Marvel’s Agents of S.H.I.E.L.D. – Season 6 Episode 2

Jun 3, 2019 | Posted by in TV

“Window of Opportunity”

Marvel’s Agents of S.H.I.E.L.D. develops the new Earthbound antagonists, continues to work on the new team dynamic and checks in with Fitz in outer space.

Parking the search for Fitz plot in the previous episode for one focused on what Fitz is up to at this point is a strong decision as it allows this plot to move forward rather than languish in the potentially futile mission for a long period of time. With a far shorter running order than usual the storytelling has to be tight and shifting the focus is certainly one way to do this.


Team Sarge in action

It turns out that Simmons was right about Fitz journeying to the place his cryo pod was made so that he can refreeze himself but first he has to deal with an unexpected detour where he finds himself enslaved on a ship and putting his engineering talents to good use repairing it. As we join him he is under constant suspicion from those he works with until he is eventually outed as being a Human. For whatever reason Humans -or Terrans- aren’t very well regarded in the interstellar community despite having only recently joined it in fairly limited ways.

In actuality, Fitz’ current arc is around finding redemption. Attaching this to him at this point is a really good idea as it serves as a natural reminder that this version of Fitz hasn’t had any character development prior to him being frozen. All of the lessons and personal realisations gained throughout season 5 haven’t happened for him so there’s a lot of ground to cover. It’s more than likely that he will go off in a very different direction because the situation is far different which presents different challenges. Basically he’s trying to atone for everything he did during his time in the Framework. His moral barometer is defined by whether he will be able to look Simmons in the eye after carrying out certain actions and he decides that he can’t let the crew of the ship he’s on be jettisoned out an airlock because the right thing to do is help those who need it. By contrast Enoch is willing to let himself and Fitz be enslaved while everyone else is airlocked because he is committed to the mission of ensuring Fitz makes it to his desired time period in order to help his friends. His lack of emotion and programmed survival instincts mean that he will choose the path that is in line with the success of his mission even if lots of people are hurt or killed as a result. Together they make for an engaging pairing as Enoch has plenty of skill and knowledge where FItz can act as the conscience.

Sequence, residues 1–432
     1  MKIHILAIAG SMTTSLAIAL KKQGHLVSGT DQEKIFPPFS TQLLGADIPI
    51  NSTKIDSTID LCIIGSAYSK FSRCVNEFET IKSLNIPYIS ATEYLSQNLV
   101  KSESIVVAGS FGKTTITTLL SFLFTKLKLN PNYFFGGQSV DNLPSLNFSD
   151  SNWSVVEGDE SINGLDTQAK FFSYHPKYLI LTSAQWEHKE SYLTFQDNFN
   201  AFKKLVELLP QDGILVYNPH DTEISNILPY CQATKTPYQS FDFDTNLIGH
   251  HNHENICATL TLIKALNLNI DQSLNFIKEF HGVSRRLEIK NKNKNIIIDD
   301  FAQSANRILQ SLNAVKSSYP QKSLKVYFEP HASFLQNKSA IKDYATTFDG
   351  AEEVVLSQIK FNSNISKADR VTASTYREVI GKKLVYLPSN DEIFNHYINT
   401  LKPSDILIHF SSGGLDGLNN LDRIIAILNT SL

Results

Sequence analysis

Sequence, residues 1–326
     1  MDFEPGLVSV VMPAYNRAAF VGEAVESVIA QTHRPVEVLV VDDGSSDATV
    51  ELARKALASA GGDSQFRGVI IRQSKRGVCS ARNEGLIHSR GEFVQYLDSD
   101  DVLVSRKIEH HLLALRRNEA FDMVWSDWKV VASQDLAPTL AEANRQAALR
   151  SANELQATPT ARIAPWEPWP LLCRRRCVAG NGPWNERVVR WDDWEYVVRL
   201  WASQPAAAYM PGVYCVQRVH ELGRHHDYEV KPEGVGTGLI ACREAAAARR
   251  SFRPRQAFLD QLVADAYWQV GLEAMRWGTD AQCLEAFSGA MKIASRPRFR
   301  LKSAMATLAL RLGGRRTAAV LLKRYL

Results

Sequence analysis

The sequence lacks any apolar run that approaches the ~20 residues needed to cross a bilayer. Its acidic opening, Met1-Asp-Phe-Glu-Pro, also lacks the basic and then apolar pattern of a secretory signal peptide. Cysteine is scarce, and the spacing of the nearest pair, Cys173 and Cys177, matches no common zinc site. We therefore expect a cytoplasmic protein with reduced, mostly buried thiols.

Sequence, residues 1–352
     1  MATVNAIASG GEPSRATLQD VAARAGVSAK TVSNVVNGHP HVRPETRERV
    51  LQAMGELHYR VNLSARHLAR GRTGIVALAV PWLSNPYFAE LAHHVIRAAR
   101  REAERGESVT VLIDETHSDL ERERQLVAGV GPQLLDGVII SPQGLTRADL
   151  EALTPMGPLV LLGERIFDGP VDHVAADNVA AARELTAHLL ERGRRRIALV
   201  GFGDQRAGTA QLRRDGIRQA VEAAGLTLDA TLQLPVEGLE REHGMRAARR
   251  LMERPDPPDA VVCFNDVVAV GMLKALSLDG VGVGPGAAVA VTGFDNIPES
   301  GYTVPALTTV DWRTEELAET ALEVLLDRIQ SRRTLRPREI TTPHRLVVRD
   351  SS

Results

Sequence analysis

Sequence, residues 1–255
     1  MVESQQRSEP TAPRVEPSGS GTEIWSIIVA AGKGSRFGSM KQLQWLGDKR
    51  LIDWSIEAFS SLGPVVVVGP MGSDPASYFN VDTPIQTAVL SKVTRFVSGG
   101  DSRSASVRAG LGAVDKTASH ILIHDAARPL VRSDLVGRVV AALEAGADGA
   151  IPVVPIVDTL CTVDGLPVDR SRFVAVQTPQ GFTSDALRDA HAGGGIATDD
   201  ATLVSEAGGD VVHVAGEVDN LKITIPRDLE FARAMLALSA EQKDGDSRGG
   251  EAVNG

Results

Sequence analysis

Not that Fitz is bereft of skill. His engineering expertise is what puts him over the top and encourages Viro (Paul Telfer) to favour him over the others. He also arranges Viro’s defeat though tricking him into airlocking himself. It was a really perceptive gamble on Fitz’ part to understand Viro well enough based on a brief conversation to know that he doesn’t value anyone except himself. This is yet another example of how far Fitz has come since the early seasons. The end scene where the Zephyr shows up just as Fitz and Enoch leave strains believability to the extreme. It’s somewhat forgivable because the focus remains on the characters and how they connect to a given situation but given the size of outer space it’s difficult to accept that they would miss each other by seconds. Hopefully the reunion won’t be drawn out for too long as such plots can get tedious.


Skills to pay the bills

After a mystery driven introduction in the previous episode, the small group of new villains are given plenty of screen time in order to flesh them out. It’s clear from very early on that they have spent a lot of time together and work well as a unit. Their conversations are natural and there’s a clear long cultivated rapport that comes across. The observations they make about Earth suggest that they have visited a lot of worlds and are well practised in sussing them out very quickly. Sarge talking about being able to tell a lot about a culture through their currency and the dismissive way he regards combustion based technology shows that he regards Earth as being somewhat primitive even if it is rich in resources that they need.